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The First World War was looked upon as a heroic and courageous task to perform for your country. The young men of that era were influenced by propaganda to fight in the war as it portrayed true chivalry. These views were also opposed by many but expressed by similar means which were poetry and novel writing. Although these were the main forms of literary pieces there were those who wrote diaries and extracts. This essay will look at the views of the First World War poets in contrast to Pat Barkers Regeneration.

Regeneration is a war novel which looks at the harsh reality of the First World War as experienced by young men from the United Kingdom. Although barker had no direct experience of the World War 1, her writing strongly shows her opposing view which is similar to Sassoon and Owen. Regeneration is set in a mental hospital where a series of realistic and fictional characters are interwoven. Two of the main characters included Wilfred Owen and Siegfried Sassoon, who were admitted into Craig Lockhart where Dr. Rivers treated them for the psychological injuries they both attained throughout the duration of the war.

Regeneration is a novel which looks at the psychological damage in which war has on the soldiers. Rivers diagnoses their illness to be war neuroses, when defined it means to have a mild mental disorder. The usual form of treatment for war neuroses would be the use of electric shocks and other similar tortures. At Craig Lockhart which was a hospital specialised for officers only, Rivers instead of torture greeted his patients with sympathy and interest. Rivers encouraged them to discuss their feelings. As a psychiatrist rivers knows how to deal with the different emotional and psychological problems in which the patients faced during the war.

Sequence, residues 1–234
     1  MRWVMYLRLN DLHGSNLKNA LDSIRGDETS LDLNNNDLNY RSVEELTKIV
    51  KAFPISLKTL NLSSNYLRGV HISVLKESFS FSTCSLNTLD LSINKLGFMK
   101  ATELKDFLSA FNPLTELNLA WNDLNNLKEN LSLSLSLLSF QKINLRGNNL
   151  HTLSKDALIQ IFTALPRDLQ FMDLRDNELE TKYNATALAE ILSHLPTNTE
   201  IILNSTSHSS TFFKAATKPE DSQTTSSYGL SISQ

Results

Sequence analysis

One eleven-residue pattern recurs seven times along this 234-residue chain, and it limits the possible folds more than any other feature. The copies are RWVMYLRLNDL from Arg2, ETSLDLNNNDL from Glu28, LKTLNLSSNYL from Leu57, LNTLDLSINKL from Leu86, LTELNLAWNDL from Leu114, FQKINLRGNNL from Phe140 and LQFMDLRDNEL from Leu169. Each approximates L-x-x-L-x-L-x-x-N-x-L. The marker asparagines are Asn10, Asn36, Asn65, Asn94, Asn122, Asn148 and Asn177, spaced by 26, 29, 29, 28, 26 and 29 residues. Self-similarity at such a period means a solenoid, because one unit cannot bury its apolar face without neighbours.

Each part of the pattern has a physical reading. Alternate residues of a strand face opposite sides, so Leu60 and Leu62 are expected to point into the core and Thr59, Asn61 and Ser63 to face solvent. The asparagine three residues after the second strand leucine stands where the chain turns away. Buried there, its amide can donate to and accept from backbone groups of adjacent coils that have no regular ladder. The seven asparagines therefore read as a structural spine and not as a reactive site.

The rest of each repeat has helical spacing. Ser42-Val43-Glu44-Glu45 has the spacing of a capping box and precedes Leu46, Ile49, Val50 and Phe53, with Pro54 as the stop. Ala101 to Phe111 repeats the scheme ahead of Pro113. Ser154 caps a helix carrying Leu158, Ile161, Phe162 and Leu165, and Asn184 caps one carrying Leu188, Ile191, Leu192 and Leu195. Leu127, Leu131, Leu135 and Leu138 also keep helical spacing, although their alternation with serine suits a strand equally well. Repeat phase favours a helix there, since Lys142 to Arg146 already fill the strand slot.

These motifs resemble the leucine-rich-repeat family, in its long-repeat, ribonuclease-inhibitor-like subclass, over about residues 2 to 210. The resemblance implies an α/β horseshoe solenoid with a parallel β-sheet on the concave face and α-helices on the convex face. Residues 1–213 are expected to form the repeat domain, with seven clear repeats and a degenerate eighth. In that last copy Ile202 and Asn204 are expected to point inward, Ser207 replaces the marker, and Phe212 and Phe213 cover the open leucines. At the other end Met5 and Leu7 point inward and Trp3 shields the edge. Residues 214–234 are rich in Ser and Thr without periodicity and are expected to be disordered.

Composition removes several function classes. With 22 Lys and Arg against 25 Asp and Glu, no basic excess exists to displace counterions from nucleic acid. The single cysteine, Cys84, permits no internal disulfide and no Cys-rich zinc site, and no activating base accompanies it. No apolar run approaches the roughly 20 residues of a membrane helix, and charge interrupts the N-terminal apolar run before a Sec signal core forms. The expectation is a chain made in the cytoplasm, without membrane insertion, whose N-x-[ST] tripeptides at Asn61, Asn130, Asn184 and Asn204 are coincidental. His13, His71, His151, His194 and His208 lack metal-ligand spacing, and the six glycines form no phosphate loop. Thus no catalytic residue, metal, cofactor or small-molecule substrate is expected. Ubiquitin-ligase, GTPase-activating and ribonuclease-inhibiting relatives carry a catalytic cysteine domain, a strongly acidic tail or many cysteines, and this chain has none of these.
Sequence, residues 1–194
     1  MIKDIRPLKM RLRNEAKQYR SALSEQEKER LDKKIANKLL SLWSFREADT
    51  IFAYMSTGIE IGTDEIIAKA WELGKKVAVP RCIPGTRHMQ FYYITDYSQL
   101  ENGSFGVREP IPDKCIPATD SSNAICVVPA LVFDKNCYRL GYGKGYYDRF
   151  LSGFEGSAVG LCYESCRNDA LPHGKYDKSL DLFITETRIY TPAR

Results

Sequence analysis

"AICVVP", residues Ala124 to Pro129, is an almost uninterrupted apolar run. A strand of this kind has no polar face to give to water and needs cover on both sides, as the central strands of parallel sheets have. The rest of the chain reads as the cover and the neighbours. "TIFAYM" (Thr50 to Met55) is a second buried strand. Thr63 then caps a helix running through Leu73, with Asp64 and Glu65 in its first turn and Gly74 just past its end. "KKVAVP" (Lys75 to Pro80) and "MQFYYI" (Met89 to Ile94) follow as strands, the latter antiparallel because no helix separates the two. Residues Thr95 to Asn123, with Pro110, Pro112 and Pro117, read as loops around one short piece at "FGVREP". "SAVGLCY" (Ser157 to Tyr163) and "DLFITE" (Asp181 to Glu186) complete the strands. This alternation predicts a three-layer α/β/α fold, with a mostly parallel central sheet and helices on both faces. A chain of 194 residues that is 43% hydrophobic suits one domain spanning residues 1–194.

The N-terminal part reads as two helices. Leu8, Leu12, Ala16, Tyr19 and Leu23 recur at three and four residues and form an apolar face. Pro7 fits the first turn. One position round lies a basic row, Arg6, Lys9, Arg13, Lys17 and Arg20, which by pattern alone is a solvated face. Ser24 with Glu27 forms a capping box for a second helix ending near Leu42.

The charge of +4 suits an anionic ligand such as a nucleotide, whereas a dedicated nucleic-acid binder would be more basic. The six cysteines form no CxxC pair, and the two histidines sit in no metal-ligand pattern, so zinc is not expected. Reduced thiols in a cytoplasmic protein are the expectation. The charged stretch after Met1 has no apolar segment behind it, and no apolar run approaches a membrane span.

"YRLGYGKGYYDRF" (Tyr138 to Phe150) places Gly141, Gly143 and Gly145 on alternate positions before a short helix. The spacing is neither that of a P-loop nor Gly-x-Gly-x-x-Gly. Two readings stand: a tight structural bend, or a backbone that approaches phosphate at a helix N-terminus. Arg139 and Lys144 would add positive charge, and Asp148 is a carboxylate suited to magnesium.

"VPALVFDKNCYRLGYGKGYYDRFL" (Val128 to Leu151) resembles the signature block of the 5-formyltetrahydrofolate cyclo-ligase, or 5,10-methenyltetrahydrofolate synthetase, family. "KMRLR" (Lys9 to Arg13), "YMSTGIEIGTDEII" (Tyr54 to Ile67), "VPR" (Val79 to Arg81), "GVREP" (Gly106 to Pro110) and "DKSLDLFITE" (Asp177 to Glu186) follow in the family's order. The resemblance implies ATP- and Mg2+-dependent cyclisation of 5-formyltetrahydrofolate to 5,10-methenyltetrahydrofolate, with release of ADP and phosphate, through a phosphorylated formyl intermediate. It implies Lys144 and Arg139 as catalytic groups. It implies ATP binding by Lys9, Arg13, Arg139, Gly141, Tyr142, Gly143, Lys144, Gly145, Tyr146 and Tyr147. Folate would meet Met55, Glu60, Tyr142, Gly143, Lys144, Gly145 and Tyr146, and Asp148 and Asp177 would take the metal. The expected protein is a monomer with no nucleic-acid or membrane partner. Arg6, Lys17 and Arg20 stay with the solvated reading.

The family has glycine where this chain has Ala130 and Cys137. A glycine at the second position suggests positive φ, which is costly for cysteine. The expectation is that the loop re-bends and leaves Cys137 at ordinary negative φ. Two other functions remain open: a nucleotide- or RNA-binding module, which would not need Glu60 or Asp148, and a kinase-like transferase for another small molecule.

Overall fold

Many of the poets which will be examined speak of the severe living conditions of the trenches, the injuries sustained by soldiers, but also the noble and courageousness of fighting in the war. When looking at Sassoon’s view of the war in comparison to Barkers it is evident that they both have an anti- war attitude. Sassoon fought in the war and is able to produce literature in the form of poetry which expresses and gives an in depth illustration of what it is like to be in a war and also how it affected him.

In Sassoon’s poem “The Dug-Out” Sassoon seems extremely distressed by what is going on around him he opens the poem with a question Why do you lie with your leg ungainly huddled, And one arm bent across your sullen cold, Exhausted face? ” lines (1-3) At this point Sassoon seems as if he is asking the soldier why they are doing this to themselves, he describes the look on their faces and the posture of their bodies as they return from battle. Sassoon communicates how it makes him feel to see the soldiers exhausted to the extent he attempts to shake them by the shoulders “And you wonder why I shake you by the shoulder Drowsy you mumble and sigh and turn your head

You are too young to fall asleep forever And when you sleep you remind me of the dead” (lines 5-8) This communicates to the reader that Sassoon although he was weak and exhausted he still tried to keep a positive attitude. Another soldier believes he has this attitude because he is young and full of life; this is evident through the last two lines of his poem. Despite Sassoon’s positive attitude reflected in this poem, he was a person who did not try to glamorise or glorify war or death but he gave an in depth description of what really went on during the war.